The books we love coming out this week include new titles by Ausma Zehanat Khan, Jennifer Homans, and Hayao Miyazaki.
At the start of this stunning series launch from Khan (the Esa Khattak series), the corpse of high school student and Syrian refugee Razan Elkader is found nailed to the door of a mosque in Blackwater Falls, Colo. Lt. Waqas Seif of the Community Response Unit, a small team assigned to cases involving vulnerable and minority groups, selects detective Inaya Rahman for the investigation, her first hands-on case since moving to Blackwater six months earlier. Rahman discovers that two Somali girls who were friends of Razan’s disappeared months before, but were dismissed as runaways by Blackwater’s powerful sheriff, who’s known to mistreat minorities. Though the girls’ bodies haven’t been found, Rahman fears they too may be dead. Activist-attorney Areesha Adams and criminal psychologist Catalina Hernandez offer Rahman both support and assistance as the investigation leads to the aerospace company at which Razan had interned, the meatpacking plant that employs the three girls’ fathers, and an anti-Muslim evangelical church. When Seif unexpectedly starts to oppose Rahman’s efforts, she wonders whether he has an agenda other than solving the crime. Khan brilliantly depicts the complexities of her characters and the tensions of a multicultural American community struggling with bias, fear, and corruption. At once suspenseful, moving, and thought-provoking, this is not to be missed.
The legendary choreographer made ballet—and ballerinas—a religion according to this entrancing biography from New Yorker dance critic Homans (Apollo’s Angels). The volume follows Balanchine (1904–1983) from ballet training in Tsarist St. Petersburg through his time starving in revolutionary Petrograd and absorbing avant-garde innovations as an exile in 1920s Europe, to his reign at New York City Ballet beginning in the 1930s. Homans charts a visionary modernism that took Balanchine from pirouetting individualism to an abstract style that immersed dancers in plotless patterns of collective movement, with a “spiritual” cast, influenced by everything from Orthodox icons to Spinoza’s philosophy. Homans’s Balanchine is a charming, supremely competent but also romantic figure, and she focuses on the dynamic of inspiration and attraction between him and his ballerinas—he married several—culminating in his besotted infatuation with the decades-younger Suzanne Farrell, his “grand obsession” who ruled him, Homans contends, until she married another dancer and was (temporarily) cast out. Homans, an ex-ballerina who trained at Balanchine’s School of American Ballet, knows this world well and combines marvelous recreations of dances—“she leaned, spiderlike, almost crawling on his spine”—with novelistic evocations of character. The result is a revelatory, aptly melodramatic portrait of Balanchine and his aesthetic.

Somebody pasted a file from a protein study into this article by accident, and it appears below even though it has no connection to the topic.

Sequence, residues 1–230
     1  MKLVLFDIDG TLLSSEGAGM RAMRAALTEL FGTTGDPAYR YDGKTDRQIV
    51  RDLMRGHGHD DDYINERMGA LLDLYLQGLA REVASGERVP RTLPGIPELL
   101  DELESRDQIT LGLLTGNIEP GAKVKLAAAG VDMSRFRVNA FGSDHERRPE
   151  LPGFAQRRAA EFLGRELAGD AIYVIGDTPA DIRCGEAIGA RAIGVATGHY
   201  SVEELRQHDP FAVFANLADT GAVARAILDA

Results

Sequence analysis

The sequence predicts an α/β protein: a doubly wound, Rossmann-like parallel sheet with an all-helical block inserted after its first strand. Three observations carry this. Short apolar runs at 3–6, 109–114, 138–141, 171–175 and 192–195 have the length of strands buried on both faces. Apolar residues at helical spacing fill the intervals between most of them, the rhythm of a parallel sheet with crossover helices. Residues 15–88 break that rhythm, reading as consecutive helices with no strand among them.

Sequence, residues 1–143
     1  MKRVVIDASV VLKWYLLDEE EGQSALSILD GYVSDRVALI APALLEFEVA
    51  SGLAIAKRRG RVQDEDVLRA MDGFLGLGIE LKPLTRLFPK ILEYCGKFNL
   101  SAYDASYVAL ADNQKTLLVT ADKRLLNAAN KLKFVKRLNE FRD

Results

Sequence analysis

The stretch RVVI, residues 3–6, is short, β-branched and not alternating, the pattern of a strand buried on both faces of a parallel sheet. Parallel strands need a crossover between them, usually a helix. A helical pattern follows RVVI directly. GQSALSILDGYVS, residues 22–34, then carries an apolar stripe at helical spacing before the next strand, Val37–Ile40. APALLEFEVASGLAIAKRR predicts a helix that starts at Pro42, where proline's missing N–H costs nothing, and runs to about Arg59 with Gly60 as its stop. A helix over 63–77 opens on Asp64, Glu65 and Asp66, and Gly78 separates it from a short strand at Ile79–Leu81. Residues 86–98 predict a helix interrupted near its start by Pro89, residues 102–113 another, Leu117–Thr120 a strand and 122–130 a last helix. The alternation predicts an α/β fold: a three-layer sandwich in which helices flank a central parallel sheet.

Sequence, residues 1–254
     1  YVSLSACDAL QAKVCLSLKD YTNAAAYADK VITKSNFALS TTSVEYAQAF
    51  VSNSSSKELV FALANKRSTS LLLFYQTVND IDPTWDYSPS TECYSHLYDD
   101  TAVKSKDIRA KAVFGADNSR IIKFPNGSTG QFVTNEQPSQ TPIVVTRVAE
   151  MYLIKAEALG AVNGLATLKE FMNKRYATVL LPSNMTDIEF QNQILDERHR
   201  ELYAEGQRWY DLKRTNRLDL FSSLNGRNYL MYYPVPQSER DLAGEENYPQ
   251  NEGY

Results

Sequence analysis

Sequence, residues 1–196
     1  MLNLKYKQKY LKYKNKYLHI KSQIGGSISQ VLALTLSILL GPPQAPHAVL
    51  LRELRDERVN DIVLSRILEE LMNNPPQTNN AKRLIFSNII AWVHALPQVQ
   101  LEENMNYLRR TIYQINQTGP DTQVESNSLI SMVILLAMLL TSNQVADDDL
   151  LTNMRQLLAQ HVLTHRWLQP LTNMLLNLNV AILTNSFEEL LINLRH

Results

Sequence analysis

Animator Miyazaki (Spirited Away) has released only a few comics in his career; this lush fantasy, available in English for the first time, is cause for celebration. First published in Japan in 1983, it takes inspiration from a Tibetan folktale, spun into an original story with Miyazaki’s humanistic, abundantly imaginative touch. Young Prince Shuna leaves his small, struggling kingdom (“Beautiful and brutal was the nature,” intones the lyrical translation) in search of a fabled “golden grain” to feed his people. Traveling through wastelands with only a few pockets of civilization, he finds a harsh society driven by violence, slavery, and desperation. After a descent into the baffling Land of the God-Folk, he must rely on the kindness and strength of two sisters he once saved. Miyazaki is truly a master of worldbuilding, and this ecologically devastated fairy tale world feels more and more prescient of a postapocalyptic future. The format is a cross between manga and a picture book, with blocks of text describing the action in the delicate, earth-toned watercolor illustrations. The panels are packed with evocative cultural details: embroidered costumes, weathered buildings, rooms painted with murals and hung with tapestries, and towering statues from a forgotten past. Miyazaki’s art has a timeless beauty, and the theme of small human kindnesses redeeming a cruel and dehumanizing world feels more relevant than ever. Don’t miss this one.